Scott Aaronson, Department of Electrical Engineering and Computer Science, Massachusetts Institute of Technology

    "The discovery in the 1990s that quantum computers could outperform their classical brethren led to the birth of an entirely new field of physics and computer science, quantum information science, whose breadth now spans thousands of researchers worldwide. As a consequence of the explosive growth of this new field, those working day in and day out with quantum information have obtained an unparalleled understanding of the quantum theory of nature. This understanding has, quite unexpectedly, also led to significant advances in penetrating a subject more often thought of as fodder for philosophy departments or late night bull sessions among physicists: the foundations of quantum theory.

    Christopher A. Fuchs has been at the center of the firestorm that has been the rise of quantum information, and is the quintessential example of a new breed of quantum information inspired quantum foundations researchers. Out of a personal tragedy that destroyed his personal possessions Fuchs has assembled in this book the fragments of his life that were not incinerated during his loss - his email correspondence with friends and colleagues about quantum theory, along with the daily banter of a deep soul seeking to break a new path in the world of ideas. Anyone interested in grabbing a front seat to a new way to see quantum theory, as debated by the author and luminaries of quantum information and quantum foundations, will find this book hard to put down. As a bonus the book brims over with an overwhelming sense of joy and wonder at our quantum universe that, when combined with a wicked sense of humor, will no doubt make this collection of correspondences a classic document of the now blossoming age of quantum information science."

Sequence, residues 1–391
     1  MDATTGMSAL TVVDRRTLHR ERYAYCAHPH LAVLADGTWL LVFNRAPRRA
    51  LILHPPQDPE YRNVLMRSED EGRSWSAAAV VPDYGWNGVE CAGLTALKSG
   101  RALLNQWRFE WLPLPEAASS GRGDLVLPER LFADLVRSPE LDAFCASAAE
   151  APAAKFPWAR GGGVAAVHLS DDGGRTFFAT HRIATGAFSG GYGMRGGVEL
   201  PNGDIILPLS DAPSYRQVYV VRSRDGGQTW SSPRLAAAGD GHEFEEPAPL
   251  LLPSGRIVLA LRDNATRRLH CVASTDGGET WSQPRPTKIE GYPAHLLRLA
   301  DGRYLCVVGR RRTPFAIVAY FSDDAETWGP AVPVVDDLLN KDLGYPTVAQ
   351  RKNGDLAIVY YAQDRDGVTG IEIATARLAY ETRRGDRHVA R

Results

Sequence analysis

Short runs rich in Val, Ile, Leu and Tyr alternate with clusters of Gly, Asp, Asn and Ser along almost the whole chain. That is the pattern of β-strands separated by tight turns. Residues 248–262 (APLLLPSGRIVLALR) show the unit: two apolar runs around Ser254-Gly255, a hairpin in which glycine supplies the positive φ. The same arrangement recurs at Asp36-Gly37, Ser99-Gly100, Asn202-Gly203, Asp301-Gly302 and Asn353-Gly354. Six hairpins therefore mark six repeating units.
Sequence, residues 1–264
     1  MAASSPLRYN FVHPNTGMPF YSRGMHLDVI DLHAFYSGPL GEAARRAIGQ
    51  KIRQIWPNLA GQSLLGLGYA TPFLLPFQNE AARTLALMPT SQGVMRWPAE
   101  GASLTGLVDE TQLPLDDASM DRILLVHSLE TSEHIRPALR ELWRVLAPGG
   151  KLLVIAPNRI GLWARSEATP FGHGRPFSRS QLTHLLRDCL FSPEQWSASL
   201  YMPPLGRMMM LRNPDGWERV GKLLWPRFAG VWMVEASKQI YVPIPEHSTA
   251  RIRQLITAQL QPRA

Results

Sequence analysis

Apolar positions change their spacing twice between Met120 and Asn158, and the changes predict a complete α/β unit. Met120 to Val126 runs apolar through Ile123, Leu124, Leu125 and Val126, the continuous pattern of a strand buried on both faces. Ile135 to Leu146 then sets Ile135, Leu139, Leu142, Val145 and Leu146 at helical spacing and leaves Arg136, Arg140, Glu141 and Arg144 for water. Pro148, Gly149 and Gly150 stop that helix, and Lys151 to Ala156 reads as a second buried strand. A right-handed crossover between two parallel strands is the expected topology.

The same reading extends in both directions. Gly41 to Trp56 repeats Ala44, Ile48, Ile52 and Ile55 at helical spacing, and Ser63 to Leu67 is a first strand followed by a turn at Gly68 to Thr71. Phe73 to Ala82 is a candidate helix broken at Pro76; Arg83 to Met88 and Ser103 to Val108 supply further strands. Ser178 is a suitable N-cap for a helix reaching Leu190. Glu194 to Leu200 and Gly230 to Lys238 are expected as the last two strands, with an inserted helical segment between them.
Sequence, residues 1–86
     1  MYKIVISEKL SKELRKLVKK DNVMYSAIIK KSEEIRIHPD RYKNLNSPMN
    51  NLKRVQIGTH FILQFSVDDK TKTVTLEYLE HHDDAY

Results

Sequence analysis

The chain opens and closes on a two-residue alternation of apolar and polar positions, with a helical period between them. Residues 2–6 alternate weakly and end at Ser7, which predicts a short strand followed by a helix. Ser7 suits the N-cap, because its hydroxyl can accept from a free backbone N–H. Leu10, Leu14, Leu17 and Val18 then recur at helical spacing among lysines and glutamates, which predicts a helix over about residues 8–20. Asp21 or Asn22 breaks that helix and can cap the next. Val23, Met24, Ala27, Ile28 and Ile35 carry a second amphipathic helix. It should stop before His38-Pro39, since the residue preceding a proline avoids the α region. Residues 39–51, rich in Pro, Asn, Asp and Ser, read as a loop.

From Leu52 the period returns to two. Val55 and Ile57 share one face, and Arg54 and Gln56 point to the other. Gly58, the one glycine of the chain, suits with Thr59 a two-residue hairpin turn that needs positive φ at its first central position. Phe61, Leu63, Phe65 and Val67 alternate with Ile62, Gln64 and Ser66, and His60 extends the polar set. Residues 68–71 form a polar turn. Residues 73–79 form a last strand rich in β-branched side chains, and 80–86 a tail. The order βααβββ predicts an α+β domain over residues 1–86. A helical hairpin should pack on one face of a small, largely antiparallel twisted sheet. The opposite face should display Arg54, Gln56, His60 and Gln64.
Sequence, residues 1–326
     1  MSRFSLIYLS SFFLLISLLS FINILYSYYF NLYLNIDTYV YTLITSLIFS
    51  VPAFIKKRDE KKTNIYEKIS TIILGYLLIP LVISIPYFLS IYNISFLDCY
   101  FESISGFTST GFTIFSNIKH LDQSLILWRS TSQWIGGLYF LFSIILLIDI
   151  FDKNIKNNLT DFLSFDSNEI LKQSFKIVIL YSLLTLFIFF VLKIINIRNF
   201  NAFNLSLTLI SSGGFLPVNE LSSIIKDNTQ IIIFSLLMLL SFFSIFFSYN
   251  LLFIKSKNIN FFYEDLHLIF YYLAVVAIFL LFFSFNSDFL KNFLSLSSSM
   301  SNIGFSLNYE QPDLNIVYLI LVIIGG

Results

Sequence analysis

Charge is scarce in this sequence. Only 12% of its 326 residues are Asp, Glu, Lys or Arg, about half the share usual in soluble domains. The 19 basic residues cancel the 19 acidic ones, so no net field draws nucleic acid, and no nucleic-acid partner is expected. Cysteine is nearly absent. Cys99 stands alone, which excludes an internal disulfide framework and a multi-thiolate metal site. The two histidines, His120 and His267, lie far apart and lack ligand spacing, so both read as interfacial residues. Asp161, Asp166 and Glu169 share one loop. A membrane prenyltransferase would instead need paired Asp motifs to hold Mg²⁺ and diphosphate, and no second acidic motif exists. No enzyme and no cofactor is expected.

Dave Bacon, Department of Computer Science and Engineering, University of Washington

    "Full of humor, vivid characters, and intellectual drama, Chris Fuchs' letters are like Einstein's ideal play - “a delicious fragment of life, scintillating with various colors according to the position of the beholder” (though the book’s two guardian angels are Einstein's favorite antagonists, Bohr and Pauli!). A window into physics in the process of being untangled, this rich email tapestry is the fin de siècle testament to Heisenberg’s dictum that “science is rooted in conversations.